Notable Standard Equipment

The Grand Marquis is offered in two trims: GS and LS. The GS includes air conditioning with air filtration, four-wheel anti-lock disc brakes (ABS), rear defroster, power locks, power mirrors, power windows, illuminated entry, AM/FM stereo with CD, eight-way power driver's seat with lumbar support, cruise control, tilt wheel, keyless entry with driver's-door keypad, auto-off headlamps and full wheel covers. The LS adds 16-spoke alloy wheels, heated side mirrors, overhead console, leather, eight-way power passenger's seat with lumbar support, traction control, automatic air conditioning, auto-dimming rearview mirror, fold-down rear armrest, rear-seat reading lights, power-adjustable pedals and a leather-wrapped steering wheel.

Notable Optional Equipment

Options include heated front seats, Audiophile stereo with six-disc CD changer, front side-impact airbags, power moonroof and power heated side mirrors and leather (these latter two on the GS). There are also a variety of convenience and appearance packages.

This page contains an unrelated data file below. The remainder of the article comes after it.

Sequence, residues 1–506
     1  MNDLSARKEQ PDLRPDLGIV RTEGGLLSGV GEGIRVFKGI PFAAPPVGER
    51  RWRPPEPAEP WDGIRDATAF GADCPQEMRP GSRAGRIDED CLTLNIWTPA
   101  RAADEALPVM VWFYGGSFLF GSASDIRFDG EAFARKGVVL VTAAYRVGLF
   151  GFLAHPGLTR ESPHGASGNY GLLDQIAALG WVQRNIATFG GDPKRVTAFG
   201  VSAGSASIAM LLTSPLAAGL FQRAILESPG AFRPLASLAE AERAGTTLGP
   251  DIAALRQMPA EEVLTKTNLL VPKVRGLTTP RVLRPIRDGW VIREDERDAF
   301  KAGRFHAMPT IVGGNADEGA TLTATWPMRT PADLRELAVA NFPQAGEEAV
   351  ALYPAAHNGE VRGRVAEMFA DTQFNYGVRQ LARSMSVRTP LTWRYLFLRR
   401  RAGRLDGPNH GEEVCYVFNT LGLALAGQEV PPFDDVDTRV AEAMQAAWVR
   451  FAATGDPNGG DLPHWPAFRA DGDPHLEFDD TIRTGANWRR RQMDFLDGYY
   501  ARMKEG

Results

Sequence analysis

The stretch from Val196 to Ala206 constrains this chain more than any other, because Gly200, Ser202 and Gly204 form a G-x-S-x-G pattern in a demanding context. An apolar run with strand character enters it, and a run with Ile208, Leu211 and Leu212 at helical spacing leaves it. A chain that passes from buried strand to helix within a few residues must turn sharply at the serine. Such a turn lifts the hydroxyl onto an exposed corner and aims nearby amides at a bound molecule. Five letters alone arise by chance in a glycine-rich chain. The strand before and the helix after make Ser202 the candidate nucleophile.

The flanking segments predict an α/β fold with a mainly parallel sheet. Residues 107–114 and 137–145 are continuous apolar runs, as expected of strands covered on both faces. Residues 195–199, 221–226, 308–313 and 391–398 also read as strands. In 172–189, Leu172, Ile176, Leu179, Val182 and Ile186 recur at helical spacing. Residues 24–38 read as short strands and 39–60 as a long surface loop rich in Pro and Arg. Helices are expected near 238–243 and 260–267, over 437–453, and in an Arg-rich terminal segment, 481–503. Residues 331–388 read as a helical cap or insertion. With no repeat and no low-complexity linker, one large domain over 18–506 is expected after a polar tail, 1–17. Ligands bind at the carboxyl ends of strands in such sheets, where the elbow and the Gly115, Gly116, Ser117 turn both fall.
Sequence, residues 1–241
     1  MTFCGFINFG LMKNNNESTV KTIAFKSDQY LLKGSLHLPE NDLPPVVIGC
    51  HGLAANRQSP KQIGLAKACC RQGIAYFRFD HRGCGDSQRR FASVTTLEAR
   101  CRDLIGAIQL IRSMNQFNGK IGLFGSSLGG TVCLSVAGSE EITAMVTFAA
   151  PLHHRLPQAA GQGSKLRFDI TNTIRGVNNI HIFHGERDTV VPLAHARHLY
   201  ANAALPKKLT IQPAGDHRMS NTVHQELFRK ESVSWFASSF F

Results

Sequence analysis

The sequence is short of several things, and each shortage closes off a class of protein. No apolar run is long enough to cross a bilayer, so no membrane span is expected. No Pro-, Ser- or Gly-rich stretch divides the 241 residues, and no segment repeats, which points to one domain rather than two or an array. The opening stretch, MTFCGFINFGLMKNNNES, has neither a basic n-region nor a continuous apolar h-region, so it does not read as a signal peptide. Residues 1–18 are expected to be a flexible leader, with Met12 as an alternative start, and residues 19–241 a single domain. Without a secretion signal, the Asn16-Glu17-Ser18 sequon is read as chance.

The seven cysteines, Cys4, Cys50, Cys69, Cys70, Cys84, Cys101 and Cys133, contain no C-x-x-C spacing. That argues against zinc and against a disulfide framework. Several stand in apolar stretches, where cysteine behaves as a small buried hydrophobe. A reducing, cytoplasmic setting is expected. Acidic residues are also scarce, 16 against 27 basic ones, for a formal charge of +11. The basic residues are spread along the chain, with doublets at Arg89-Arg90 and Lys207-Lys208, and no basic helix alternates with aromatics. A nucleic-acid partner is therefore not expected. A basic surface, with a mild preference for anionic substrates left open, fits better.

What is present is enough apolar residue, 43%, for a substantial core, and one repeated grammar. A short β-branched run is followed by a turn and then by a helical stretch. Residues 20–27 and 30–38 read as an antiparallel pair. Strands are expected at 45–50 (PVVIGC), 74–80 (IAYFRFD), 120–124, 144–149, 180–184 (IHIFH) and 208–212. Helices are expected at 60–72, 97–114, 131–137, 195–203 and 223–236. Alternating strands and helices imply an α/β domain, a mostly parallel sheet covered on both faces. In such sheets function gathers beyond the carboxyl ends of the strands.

Under the Hood

The Grand Marquis' big V8 fits this car like a hand-tailored suit. Smooth and powerful, with proven dependability and surprising fuel efficiency, Ford's 4.6-liter modular V8 is the best engine ever to grace a Grand Marquis.

4.6-liter V8 Flex Fuel
224 horsepower @ 4800 rpm
275 lb.-ft. of torque @ 4000 rpm
EPA city/highway fuel economy: 11/16 (E85), 15/23 (gasoline)

Pricing Notes

The Grand Marquis GS has a Manufacturer's Suggested Retail Price (MSRP) starting around $26,000, while the more luxurious LS starts closer to $29,000. As changes in market conditions can affect pricing, be sure to check the latest Fair Purchase Price to see what others in your area are typically paying. In the ever-important world of resale, the Grand Marquis does not hold its value as well as some newer sedans. Over a five-year period, the Grand Marquis is expected to retain less of its value than the Chrysler 300, Nissan Maxima and Toyota Avalon. However, based solely upon how much car you get for the purchase price, the Grand Marquis does, in all fairness, represent an exceptionally good value for the money.